Jersey Women’s Refuge is urging islanders at risk of harm during lockdown to agree a 'code word' with family and friends, as reports of domestic violence spike locally.
The idea is one of a series of hints and tips released by the charity as part of its 'Safe Self' campaign.
Other guidance includes keeping mobile phones charged and topped-up, deleting internet browsing history and having an escape plan.
Jersey Women's Refuge, which is the only independent domestic violence charity in Jersey, hopes that the guidance will encourage women to adopt a safety plan to help protect themselves.
Pictured: Advice from Jersey Women’s Refuge on keeping safe during lockdown. (Jersey Women's Refuge)
The advice comes as Police have reported an increase in domestic violence-related calls during the lockdown period.
Meanwhile, Jacky Moon, service centre manager at NSPCC Jersey, said that calls to the charity's helpline regarding domestic abuse are also on the rise.
"The risk of abuse will be intensified due to lockdown rules as parents and children lose important sources of support and feel they have less opportunities to reach out for help," she said.
The growing concern for vulnerable children and adults during the stay at home period is also reflected in a new Government safeguarding campaign: ‘See It, Hear It, Report It’.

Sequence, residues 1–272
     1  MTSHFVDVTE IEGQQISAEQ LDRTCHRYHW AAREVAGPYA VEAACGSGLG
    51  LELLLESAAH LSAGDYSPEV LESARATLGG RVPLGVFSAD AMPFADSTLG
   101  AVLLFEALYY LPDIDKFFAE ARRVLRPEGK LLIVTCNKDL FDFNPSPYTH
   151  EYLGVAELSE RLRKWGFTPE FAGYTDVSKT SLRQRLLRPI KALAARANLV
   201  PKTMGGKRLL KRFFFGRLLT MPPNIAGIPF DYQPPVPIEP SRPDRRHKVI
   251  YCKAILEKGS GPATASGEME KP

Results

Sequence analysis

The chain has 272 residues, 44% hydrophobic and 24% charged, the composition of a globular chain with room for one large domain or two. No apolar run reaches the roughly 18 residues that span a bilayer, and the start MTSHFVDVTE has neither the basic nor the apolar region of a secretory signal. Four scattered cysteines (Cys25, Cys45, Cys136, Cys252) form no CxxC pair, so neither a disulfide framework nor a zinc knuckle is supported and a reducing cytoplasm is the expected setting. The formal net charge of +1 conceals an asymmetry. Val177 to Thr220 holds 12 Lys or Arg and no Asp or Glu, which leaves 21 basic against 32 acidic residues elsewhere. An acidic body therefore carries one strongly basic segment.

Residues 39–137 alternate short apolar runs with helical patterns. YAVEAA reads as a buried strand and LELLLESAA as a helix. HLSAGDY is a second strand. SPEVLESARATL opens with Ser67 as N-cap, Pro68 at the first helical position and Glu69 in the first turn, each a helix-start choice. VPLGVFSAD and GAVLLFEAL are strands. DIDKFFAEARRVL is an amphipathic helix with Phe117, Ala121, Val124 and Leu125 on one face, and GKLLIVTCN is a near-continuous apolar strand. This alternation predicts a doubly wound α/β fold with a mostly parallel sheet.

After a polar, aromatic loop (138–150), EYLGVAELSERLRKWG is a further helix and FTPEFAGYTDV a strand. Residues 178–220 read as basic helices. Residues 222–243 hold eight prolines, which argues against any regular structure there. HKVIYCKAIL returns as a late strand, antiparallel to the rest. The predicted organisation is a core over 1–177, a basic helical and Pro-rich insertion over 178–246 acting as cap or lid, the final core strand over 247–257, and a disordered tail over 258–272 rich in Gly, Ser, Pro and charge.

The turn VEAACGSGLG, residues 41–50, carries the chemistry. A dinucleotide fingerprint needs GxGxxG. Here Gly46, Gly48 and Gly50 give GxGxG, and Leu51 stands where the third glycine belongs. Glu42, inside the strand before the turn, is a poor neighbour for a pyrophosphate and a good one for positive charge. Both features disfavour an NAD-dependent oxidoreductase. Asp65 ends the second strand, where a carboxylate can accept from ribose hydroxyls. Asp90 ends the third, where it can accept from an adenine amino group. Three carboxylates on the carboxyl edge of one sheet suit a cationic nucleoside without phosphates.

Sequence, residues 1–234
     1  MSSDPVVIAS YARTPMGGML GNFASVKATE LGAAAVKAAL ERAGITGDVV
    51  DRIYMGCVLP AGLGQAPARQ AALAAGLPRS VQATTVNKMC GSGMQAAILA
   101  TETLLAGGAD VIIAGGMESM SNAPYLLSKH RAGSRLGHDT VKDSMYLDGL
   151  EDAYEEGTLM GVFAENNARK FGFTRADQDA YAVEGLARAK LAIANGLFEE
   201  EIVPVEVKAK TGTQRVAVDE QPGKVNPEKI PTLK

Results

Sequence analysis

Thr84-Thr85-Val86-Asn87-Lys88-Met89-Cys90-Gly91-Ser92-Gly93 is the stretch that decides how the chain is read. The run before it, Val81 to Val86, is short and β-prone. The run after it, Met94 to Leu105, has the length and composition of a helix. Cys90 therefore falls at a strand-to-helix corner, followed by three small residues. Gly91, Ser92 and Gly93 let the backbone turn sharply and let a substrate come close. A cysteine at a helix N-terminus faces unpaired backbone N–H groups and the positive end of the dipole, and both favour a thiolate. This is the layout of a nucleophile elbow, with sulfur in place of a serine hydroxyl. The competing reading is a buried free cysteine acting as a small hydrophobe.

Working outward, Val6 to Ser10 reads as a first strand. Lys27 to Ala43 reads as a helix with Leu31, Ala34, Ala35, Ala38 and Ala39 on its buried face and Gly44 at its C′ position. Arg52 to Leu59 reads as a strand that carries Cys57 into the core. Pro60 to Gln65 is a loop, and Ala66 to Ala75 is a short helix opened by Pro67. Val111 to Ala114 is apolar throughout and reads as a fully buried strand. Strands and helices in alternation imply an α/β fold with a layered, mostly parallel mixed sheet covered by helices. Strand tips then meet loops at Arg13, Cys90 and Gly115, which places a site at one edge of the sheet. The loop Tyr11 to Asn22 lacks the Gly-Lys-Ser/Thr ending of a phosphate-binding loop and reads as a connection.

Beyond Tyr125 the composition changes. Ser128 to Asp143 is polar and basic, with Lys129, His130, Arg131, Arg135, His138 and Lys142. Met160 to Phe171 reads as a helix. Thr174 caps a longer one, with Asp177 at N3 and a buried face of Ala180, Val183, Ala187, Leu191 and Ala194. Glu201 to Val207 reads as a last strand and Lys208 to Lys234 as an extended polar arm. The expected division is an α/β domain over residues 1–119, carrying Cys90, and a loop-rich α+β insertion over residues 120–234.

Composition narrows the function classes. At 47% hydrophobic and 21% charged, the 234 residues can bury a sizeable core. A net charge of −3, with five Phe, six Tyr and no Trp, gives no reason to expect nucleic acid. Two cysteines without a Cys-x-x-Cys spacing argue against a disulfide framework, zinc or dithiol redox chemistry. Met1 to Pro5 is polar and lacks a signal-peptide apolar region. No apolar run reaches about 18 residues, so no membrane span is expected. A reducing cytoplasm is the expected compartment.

The campaign encourages islanders to be their ‘eyes and ears’ in the community and report any safeguarding concerns.
Children & especially vulnerable children & adults may become an even greater cause for concern during the Stay At Home period as invisibility increases vulnerability. We're asking all Islanders to work together (1/2) pic.twitter.com/eCuE8XXTmp— Government of Jersey (@GovJersey) April 14, 2020
Minister of Home Affairs, Constable Len Norman, commented: “It is everyone’s responsibility to support and protect the vulnerable children and adults in our island community. We want to ensure that both victims and their families are able to access the right help and support during this time.”
As domestic abuse is a largely hidden crime, Ms Moon stressed the important role key workers can play.
"It is vital that key workers who continue to have contact with families, from delivery drivers to retail staff, are supported with the necessary guidance about spotting signs of abuse and know where to raise concerns," she said.
Comments on this story express the views of the commentator only, not Bailiwick Publishing. We are unable to guarantee the accuracy of any of those comments.
Once your comment has been submitted, it won’t appear immediately. There is no need to submit it more than once. Comments are published at the discretion of Bailiwick Publishing, and will include your username.
There are no comments for this article.